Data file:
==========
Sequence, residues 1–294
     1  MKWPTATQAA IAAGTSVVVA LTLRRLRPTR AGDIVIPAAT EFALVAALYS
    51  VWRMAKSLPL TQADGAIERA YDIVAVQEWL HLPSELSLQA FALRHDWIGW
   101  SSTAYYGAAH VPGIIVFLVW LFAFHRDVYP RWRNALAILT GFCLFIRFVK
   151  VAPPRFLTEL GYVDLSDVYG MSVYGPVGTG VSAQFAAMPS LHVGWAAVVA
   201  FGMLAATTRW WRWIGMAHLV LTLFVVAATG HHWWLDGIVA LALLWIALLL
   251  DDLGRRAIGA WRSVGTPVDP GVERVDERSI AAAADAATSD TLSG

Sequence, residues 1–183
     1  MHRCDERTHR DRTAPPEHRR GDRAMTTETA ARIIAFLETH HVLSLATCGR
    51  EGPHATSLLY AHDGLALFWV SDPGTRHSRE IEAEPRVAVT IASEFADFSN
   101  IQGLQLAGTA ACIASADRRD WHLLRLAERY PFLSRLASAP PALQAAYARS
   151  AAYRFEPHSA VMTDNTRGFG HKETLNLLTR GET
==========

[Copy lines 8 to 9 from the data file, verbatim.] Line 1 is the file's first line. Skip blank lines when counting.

Sequence, residues 1–183
     1  MHRCDERTHR DRTAPPEHRR GDRAMTTETA ARIIAFLETH HVLSLATCGR